The Peace Secretariat is supposed to provide backup for the peace process, but has been overtaken by unrest in the tarai. Nepali Times asked Secretary Janak Raj Joshi if his mandate has changed.
Nepali Times: We do not hear much about the Peace Secretariat these days. What are you busy with?
Janak Raj Joshi: The saying goes 'still waters run deep', We run deep. The Peace Secretariat is primarily mandated in four major areas: facilitate the negotiators, provide technical support to the government and peace institutions, design policies and programs for post-conflict management, and give logistical support to the peace process. The services of the secretariat are in-built in to the system. We do not appear as a separate entity. Achievements so far in the peace process are a collective effort of the political parties, the Peace Secretariat, civil society, media, and the international community.
At present we are working on a plan of action to implement the provisions of the Comprehensive Peace Accord (CPA), designing policies on the internally displaced, drafting the terms of references and the organisation structures of the various commissions stipulated in the peace accord. The secretariat is also involved in negotiations with the Madhesi Janadhikar Forum and the Tarai Mukti Morcha Goit Group, etc. We are designing a system under which the demands of all sectors are paid attention to in the Constitution Assembly election.
Is there a feeling that the politicians drive the peace process, and use the Secretariat only when it suits them?
To an outsider it may appear so, but the fact is that political negotiations need to be done at the political level. We are working as a catalyst by providing the technical backup for the negotiators. For instance, it was the secretariat that developed a draft of the CPA and it was negotiated at the political level. We provide the politicians the references on cross-country experiences so that they can make informed decisions. While the working groups of the eight political parties were negotiating on the electoral process, some of the members had difficulty in understanding the complex electoral system such as the parallel and mixed proportional process. It is up to the political parties to make a choice, but the secretariat can be involved.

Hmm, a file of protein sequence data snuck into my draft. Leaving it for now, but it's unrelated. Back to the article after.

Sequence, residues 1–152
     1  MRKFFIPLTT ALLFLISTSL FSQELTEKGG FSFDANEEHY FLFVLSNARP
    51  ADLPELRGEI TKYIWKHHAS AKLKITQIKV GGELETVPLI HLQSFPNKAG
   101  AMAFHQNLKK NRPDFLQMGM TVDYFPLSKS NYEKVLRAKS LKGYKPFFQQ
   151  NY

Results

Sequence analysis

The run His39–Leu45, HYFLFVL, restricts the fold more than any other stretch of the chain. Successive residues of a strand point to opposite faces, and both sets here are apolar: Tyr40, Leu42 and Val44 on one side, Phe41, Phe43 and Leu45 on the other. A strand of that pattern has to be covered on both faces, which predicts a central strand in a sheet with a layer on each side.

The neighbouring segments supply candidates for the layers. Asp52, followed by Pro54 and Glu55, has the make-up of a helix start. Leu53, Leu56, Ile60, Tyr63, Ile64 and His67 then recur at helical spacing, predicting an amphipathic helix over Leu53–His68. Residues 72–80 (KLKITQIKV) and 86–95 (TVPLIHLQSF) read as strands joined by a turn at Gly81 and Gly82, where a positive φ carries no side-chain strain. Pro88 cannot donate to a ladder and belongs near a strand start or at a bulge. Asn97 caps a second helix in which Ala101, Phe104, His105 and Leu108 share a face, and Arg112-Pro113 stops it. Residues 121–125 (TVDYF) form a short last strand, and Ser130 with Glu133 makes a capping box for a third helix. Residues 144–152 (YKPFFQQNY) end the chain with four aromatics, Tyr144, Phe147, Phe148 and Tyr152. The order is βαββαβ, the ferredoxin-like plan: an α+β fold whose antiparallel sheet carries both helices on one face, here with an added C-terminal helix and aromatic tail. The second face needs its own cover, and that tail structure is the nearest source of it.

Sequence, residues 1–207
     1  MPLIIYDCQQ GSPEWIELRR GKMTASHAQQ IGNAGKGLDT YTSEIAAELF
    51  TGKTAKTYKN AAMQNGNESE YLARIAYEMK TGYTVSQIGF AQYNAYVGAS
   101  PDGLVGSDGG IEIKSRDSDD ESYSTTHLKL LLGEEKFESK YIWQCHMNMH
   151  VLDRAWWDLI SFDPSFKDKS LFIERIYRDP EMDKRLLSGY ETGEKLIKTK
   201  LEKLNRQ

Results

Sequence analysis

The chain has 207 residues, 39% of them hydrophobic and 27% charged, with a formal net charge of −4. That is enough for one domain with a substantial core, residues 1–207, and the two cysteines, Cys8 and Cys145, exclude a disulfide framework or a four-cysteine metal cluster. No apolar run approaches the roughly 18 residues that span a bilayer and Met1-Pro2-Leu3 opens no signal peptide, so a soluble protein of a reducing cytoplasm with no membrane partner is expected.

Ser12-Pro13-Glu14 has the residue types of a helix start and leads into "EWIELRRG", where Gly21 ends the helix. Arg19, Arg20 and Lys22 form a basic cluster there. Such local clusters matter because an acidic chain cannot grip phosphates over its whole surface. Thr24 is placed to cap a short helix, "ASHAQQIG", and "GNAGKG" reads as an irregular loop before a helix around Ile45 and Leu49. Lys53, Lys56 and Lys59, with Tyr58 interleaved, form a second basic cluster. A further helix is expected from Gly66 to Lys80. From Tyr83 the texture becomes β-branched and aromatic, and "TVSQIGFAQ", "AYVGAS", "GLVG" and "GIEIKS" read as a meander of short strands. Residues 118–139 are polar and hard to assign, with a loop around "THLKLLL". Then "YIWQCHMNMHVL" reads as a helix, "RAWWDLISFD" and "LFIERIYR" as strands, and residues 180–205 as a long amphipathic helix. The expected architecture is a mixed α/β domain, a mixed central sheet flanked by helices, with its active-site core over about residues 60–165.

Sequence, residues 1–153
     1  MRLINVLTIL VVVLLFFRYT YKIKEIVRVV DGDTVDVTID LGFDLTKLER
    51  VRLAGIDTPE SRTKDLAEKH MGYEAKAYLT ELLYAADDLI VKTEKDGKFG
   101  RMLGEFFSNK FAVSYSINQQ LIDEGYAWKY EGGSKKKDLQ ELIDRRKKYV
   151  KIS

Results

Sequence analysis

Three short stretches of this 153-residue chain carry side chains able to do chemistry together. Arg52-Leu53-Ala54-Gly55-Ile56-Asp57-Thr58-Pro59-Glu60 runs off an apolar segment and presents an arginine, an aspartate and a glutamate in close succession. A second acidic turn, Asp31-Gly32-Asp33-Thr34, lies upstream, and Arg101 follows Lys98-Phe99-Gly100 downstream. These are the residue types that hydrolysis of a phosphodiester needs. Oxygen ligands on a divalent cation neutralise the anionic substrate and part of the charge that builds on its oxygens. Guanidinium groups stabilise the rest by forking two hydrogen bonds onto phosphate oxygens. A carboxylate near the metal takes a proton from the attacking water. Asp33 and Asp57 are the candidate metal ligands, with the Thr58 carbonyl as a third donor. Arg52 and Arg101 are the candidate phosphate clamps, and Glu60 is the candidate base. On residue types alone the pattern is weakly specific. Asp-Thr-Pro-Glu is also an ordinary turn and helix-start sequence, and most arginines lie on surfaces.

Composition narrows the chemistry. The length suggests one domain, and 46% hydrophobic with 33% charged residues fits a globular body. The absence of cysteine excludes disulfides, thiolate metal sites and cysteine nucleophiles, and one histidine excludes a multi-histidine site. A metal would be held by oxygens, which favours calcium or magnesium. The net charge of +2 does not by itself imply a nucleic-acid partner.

What is your secretariat's strategy for dealing with new challenges to the peace process?
Yes, there are challenges to the peace process. The government has already formed a talk team to negotiate with the respective groups. The secretariat has been collecting opinions from all sectors. We are doing content and context analysis of the demands of the agitating groups. Some groups have found it difficult to initiate dialogue with the talk team directly so we establish informal links with them and brief the talk team about the technicalities involved with the negotiations.
What would you say are your most difficult obstacles, and are you getting the cooperation you need from all quarters?
I wouldn't call them obstacles, they are challenges. The most pressing one before the secretariat is to streamline the activities of the peace process. Peace is such an alluring subject that everyone wants to be involved. As long as it is at the participation level, it is fine with us. However, institutions seem to be interested to take up the job of the secretariat. We are the focal point for the peace process, we don't want to be squeezed from any side. And we are sorry if we can't accommodate everyone.
Different government agencies are entrusted with the activities of the peace process at present. There are areas where we have a shared responsibility such as in policy and plan formulation, and the other agencies are implementing agencies. It has created some confusion. In order to further streamline the activities we need to have separate ministry of the peace process with multi-partisan representation. A steering committee can then solicit the participation of different sectors of society.